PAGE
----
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The real fight over Planned Parenthood is not in Congress

It has been the month of Planned Parenthood in Congress. Fury against and ardent defense of the organization rose following the release of undercover videos showing Planned Parenthood officials discussing the procurement of fetal organs for research. That sparked intense House and Senate standoffs over the organization’s funding, with the chambers seeming to narrowly avert a potential government shutdown over the issue (for now). Hearings and investigations continue.

With so much attention focused on the fight on Capitol Hill, Americans may be missing a crucial point — a number of the changes Republican lawmakers are working hard to pass at the federal level have already been enacted by governors and state legislatures outside of Washington.

“What’s often been the case on the federal level is that we have divided governments,” said Drew Halfmann, an associate professor at the University of California, Davis, who studies the politics of health care. “That means there is a lot more gridlock at the federal level. That’s true for some states, but in many states you have uniform control of the government, and that really speeds things up and makes a lot more possible.”

Since the federal debate began, the governors of Alabama, Arkansas and Louisiana have all terminated Planned Parenthood’s Medicaid contracts, so that the organization could no longer be reimbursed for any Medicaid services it provides. Planned Parenthood is challenging the actions in court.

Already, in Arkansas, a federal judge temporarily reinstated Arkansas’ Medicaid contract with Planned Parenthood. On Tuesday a judge in Utah temporarily blocked an order by the state’s governor that cut off federal money to the group.

While more judges are expected to follow suit, the action is extremely concerning for the organization, which would have to radically rethink its funding plans if medicaid reimbursements were cut. Planned Parenthood says that cuts in funding can lead to closures, which would have a significant effect on its ability to provide health care. Currently Planned Parenthood clinics serve 2.7 million women and men.

Defunding Planned Parenthood at the state level is not a new phenomenon. Republican presidential candidates Chris Christie and Jeb Bush have campaigned on Planned Parenthood legislation they acted on as governors of New Jersey and Florida respectively.

“I’ve vetoed funding for Planned Parenthood and if I were president of the United States I would do exactly the same,” Christie said during a South Carolina town hall meeting in July. Since 2010, Christie vetoed family planning grant funds to Planned Parenthood four times in the state budget.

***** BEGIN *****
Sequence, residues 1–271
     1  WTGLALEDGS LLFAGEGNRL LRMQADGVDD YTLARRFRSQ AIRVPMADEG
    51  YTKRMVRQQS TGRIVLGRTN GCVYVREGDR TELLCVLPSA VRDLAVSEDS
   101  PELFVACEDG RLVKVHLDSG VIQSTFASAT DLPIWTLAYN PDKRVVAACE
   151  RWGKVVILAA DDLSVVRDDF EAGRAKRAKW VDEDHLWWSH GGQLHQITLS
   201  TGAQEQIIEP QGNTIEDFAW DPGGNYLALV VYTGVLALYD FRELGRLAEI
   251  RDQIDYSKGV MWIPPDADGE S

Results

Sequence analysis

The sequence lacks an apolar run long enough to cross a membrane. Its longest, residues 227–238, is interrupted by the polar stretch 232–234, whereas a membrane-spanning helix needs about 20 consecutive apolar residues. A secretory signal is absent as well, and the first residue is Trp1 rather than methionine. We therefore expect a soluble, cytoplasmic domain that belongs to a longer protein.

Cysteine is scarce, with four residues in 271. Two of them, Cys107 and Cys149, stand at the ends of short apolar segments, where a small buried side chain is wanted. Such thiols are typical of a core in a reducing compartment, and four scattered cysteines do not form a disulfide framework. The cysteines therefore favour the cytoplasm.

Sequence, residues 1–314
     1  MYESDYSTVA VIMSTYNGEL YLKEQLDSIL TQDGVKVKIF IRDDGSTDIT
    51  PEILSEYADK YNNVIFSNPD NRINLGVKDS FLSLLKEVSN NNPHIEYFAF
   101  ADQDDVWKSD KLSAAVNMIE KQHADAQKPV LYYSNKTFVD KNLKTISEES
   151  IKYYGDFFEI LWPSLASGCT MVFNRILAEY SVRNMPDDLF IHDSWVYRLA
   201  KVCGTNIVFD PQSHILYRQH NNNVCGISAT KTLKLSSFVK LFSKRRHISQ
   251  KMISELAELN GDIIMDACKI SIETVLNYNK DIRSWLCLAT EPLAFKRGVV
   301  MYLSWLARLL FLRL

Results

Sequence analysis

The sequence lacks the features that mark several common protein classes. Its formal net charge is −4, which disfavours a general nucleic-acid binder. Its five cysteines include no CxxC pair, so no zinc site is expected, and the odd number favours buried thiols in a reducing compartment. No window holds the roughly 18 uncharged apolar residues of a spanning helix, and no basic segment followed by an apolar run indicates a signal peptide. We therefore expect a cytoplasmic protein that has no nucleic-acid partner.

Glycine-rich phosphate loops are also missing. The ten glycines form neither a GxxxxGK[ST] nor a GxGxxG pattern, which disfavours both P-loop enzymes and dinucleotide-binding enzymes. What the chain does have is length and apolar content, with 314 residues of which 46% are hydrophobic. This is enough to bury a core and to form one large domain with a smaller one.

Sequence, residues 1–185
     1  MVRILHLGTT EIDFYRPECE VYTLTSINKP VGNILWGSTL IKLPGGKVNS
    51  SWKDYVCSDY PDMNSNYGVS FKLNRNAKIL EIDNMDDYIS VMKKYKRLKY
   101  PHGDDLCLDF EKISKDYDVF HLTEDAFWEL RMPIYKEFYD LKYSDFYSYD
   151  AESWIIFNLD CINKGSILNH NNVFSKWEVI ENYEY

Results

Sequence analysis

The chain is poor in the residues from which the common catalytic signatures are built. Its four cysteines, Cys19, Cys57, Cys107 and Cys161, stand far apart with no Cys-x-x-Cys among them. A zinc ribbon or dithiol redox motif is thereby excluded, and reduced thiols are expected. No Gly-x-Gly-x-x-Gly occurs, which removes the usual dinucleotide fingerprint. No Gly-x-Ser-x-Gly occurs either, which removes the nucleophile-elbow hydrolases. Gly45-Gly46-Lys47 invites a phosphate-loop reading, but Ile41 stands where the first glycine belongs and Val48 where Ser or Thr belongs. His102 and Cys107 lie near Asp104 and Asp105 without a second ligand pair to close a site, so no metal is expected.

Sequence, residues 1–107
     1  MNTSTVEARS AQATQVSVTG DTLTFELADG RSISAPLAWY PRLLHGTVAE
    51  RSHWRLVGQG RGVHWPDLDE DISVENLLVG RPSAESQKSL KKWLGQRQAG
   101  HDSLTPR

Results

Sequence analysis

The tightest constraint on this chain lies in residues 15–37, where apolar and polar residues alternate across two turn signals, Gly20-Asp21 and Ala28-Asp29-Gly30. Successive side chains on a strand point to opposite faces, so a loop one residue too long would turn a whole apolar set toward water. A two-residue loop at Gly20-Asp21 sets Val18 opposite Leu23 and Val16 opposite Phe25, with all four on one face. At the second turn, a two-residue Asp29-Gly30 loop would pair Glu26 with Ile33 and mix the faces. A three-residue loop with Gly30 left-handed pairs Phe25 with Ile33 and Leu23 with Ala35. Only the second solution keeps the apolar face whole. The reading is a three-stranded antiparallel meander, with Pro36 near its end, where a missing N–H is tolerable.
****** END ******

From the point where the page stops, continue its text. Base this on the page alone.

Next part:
During the first Republican debate, Bush said the following about his legislative record on Planned Parenthood: “As governor of Florida, I defunded Planned Parenthood. I created a culture of life in our state.” In 2001, Bush vetoed two items in the state budget that funded Planned Parenthood. Planned Parenthood in Florida confirmed that since that time the organization has not received any state funding. One of the local affiliates said prior to the cuts, state assitance made up about a quarter of their budget.

Though these changes often fly under the national radar, they have profound implications. Due to funding cuts, Planned Parenthood New Jersey was forced to close two of its clinics in the span of one year. In Florida, they’ve had to make up for the state funding cuts with private assistance and grants. In the year following Texas’ slashing of the state’s Planned Parenthood budget, the organization closed 12 clinics35 remain.

“These attacks aren’t about Planned Parenthood,” said Dawn Laguens, executive vice president of the Planned Parenthood Federation of America. “They’re about the women who rely on us for birth control, cancer screenings, and other lifesaving and life changing care.”

For anti-abortion activists, however, the changes are signs of progress.

“To see this going forward on all levels is very encouraging,” Mallory Quigley, communications director of the pro-life Susan B. Anthony List said. “It also reflects that there is action to be taken on all levels of this fight. Planned Parenthood has been very good at securing every possible stream of tax payer funding from all levels, which means there is a lot of opportunities for the state and federal government to take action.”

So, while federal budget legislation to defund Planned Parenthood has been resolved on Capitol Hill until December, the states are still an open battlefield, and probably will be for a very long time.

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